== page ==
Talking about bad guys...

Talking about bad guys...

Talking about bad guys...

Life was so much simpler when I was a small girl, although, to be honest, I think everyone just assumes that irrespective of how old they are. But back then, in books and movies, good people survived and the bad guys either died or were shipped off somewhere, although that wasn't always the case.

Cut to the present when literally, anything goes. I mean, anything. When I first watched Game of Thrones, (I hadn't read the books), I had just assumed that good people would somehow be saved at the end of the day, yada yada, and then there was Ned Stark's head swinging freely, detached from his body. Sorry for the spoiler, in case you haven't seen it yet.

Anyway, what began at the beginning of this year in Chennai at a school where I did a creative writing workshop is something I have continued doing, much like an experiment with all the young students I interact with. I ask them who their favourite character is. They come up with the usual suspects - Harry Potter, Percy Jackson, Hermione, Katniss et al. Then, I ask them if they like bad guys. Many heads nod in the audience.

What kind of bad guys, I ask? Voldemort? More nods. I remain surprised every single time, and even more so at their reasoning. The kids in Chennai told me that they liked bad guys (they'd included Darth Vader too) because they didn't give up, even when the odds were stacked against them. "They don't stop trying," a young girl said, her eyes lighting up. I was taken aback at how much thought these kids had given to bad guys and why they liked them.

Since then, the answers I've received have been enlightening. Reasons they like Voldemort - no one knows his side of the story (to be honest, I'm not so keen for a spin-off with Voldemort, so please nobody tell this to JKR); he's misunderstood (really?); he's cool because he doesn't have a nose (not making this up), and they sympathise with him and everything he's 'been' through. I might have given this benefit of the doubt to Severus Snape, who was consistently horrible throughout the books but turned out to be something else. Or to several of the characters in TV shows today that I watch with my kids - Arrow, Flash etc - where no one bats an eyelid at the main protagonists being vigilantes, where it's actually something kids aspire to, so much that these characters are called 'heroes'.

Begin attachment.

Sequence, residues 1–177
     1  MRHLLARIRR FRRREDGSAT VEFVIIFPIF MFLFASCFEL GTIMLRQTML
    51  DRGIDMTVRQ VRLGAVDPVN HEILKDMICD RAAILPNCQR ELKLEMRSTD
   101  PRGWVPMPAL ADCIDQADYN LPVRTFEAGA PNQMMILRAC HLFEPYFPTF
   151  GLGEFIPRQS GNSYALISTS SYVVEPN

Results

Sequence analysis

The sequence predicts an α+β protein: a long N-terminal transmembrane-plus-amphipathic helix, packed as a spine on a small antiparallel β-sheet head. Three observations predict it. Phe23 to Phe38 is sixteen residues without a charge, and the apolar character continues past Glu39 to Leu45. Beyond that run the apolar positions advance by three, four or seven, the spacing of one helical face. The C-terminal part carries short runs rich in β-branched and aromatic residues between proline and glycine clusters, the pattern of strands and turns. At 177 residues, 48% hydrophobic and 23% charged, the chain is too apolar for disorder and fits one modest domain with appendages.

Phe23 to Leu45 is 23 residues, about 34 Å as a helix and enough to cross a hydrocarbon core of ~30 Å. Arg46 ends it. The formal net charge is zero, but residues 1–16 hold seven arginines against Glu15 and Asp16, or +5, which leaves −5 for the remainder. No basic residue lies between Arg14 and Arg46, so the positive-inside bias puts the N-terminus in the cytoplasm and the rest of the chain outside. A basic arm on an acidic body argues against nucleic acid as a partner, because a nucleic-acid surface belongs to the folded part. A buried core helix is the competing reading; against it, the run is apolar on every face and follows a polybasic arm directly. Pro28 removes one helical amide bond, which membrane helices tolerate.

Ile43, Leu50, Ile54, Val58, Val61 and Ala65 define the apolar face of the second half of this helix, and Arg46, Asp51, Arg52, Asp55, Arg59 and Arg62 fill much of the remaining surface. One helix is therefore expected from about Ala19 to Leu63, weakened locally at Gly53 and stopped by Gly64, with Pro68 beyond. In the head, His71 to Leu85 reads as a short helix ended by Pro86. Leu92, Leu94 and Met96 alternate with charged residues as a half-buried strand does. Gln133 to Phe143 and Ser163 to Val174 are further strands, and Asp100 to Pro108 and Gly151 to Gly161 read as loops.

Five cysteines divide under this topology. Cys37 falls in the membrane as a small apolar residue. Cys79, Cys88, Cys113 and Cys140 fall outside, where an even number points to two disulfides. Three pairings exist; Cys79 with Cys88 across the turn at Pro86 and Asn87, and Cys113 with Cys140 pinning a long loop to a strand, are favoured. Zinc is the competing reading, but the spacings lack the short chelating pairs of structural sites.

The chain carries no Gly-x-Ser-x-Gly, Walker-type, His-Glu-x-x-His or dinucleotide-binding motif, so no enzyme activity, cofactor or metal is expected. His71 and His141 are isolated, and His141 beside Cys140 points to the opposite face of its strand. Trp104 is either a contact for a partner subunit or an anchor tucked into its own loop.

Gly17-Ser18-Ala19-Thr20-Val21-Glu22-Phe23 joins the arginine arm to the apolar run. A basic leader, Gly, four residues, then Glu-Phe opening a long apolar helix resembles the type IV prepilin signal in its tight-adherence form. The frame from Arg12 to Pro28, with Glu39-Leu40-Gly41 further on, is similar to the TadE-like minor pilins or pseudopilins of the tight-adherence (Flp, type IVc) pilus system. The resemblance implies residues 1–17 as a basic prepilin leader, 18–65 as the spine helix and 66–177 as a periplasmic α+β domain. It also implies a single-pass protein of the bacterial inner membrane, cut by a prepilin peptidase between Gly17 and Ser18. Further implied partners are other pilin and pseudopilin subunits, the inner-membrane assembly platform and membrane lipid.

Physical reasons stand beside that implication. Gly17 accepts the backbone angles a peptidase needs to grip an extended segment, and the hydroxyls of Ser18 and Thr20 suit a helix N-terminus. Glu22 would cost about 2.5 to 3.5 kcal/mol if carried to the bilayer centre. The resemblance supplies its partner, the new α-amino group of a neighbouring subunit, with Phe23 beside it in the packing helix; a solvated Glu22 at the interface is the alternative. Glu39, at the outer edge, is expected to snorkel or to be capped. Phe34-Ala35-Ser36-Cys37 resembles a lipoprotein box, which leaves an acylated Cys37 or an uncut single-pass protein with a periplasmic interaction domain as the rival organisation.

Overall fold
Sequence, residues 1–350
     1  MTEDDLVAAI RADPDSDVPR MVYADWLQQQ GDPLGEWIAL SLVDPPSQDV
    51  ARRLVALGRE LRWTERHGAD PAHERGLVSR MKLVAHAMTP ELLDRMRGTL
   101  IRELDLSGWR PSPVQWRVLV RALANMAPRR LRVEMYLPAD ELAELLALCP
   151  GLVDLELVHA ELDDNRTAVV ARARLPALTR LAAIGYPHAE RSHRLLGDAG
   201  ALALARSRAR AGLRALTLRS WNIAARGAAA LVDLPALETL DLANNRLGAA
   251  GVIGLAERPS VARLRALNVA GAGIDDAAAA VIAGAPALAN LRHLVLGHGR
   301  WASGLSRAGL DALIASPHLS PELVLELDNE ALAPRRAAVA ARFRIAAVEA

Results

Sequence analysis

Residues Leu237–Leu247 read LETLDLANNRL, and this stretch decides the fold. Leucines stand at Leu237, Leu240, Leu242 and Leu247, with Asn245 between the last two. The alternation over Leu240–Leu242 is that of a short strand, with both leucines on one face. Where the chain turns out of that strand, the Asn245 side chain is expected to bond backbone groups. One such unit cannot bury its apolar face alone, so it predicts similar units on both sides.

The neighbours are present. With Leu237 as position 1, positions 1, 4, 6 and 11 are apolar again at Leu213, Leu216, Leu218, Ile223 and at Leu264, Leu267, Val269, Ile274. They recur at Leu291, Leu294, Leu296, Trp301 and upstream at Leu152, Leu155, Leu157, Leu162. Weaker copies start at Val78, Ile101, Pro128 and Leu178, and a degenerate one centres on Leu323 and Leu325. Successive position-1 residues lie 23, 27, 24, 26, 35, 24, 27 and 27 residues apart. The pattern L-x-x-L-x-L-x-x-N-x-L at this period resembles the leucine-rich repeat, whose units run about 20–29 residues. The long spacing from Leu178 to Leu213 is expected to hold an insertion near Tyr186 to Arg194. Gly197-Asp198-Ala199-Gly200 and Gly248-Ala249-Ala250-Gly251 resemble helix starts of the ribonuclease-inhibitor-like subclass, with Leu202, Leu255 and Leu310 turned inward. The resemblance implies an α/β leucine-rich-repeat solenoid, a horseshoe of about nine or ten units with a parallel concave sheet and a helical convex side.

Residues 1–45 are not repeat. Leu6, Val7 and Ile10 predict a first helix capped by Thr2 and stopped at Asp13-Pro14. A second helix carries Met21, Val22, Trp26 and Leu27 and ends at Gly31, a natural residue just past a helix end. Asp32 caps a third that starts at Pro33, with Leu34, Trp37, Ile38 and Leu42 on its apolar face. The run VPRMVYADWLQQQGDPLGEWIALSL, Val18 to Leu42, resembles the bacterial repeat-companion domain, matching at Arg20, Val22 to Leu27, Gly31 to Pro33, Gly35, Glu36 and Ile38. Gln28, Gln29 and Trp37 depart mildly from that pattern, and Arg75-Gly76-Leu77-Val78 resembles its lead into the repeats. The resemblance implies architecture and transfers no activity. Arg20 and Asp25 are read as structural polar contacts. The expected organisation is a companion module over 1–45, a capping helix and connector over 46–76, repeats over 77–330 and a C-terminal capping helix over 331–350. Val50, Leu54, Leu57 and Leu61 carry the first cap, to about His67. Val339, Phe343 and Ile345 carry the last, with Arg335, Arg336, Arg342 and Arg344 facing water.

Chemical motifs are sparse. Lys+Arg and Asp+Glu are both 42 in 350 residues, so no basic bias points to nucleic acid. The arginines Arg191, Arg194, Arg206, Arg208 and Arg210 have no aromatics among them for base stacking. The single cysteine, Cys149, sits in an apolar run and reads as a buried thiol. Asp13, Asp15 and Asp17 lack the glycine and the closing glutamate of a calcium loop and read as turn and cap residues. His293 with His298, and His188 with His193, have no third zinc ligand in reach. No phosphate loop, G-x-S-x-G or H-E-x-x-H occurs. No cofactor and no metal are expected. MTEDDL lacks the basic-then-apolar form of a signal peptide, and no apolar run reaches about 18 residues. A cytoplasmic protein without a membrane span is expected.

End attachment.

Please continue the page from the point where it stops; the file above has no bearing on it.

Also, here's another guilty admission. How about those godawful vampire movies? Technically, vampires are supposed to be bad since they suck blood and kill people, but in these movies and subsequent TV shows, all this blood-sucking was completely normalised. So much that it became difficult to draw a line between good and bad. For the longest time, I actually watched a TV show called The Vampire Diaries and my favourite character was the bad guy who turned out to be so good that he got the girl at the end of the show. Yikes.

I think the whole concept of good and bad has been turned on its head for quite some time and this isn't even new. Remember Sydney Carton from A Tale of Two Cities? Or even Heathcliff? Then again, the kids I ask this question to, have no clue who these 'bad' guys are. To them, most of the bad guys are misunderstood and yet, very cool. One of my younger participants called out from the audience once, saying, "They have powers and they're not afraid to use them!"

After each workshop I conduct, I come away with something new, an insight gained into the minds of young people today. While I'm perplexed at their inability to see good and evil in a more black-and-white form, I also feel heartened that they're willing to give the benefit of the doubt to even bad guys. Maybe there's something to learn here, an understanding of basic human nature, and perceptions of kids today. But then again, Voldemort? He's pure evil. And he doesn't even have a nose.